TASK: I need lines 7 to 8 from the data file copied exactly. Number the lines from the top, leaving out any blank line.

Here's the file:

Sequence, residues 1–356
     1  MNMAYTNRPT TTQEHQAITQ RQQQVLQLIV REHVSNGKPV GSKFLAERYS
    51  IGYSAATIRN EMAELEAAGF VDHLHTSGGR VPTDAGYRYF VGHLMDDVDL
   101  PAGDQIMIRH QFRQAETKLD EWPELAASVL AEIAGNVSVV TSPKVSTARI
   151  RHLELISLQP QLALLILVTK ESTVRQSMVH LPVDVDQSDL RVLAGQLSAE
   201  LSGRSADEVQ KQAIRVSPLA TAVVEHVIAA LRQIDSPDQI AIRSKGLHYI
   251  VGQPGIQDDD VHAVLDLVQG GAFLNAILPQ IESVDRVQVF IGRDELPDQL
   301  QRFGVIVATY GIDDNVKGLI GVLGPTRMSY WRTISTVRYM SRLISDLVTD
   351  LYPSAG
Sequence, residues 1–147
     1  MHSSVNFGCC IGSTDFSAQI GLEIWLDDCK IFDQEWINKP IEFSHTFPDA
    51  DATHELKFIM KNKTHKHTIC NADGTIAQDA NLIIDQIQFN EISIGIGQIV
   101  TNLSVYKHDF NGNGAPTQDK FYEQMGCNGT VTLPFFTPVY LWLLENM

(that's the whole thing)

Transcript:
   251  VGQPGIQDDD VHAVLDLVQG GAFLNAILPQ IESVDRVQVF IGRDELPDQL
   301  QRFGVIVATY GIDDNVKGLI GVLGPTRMSY WRTISTVRYM SRLISDLVTD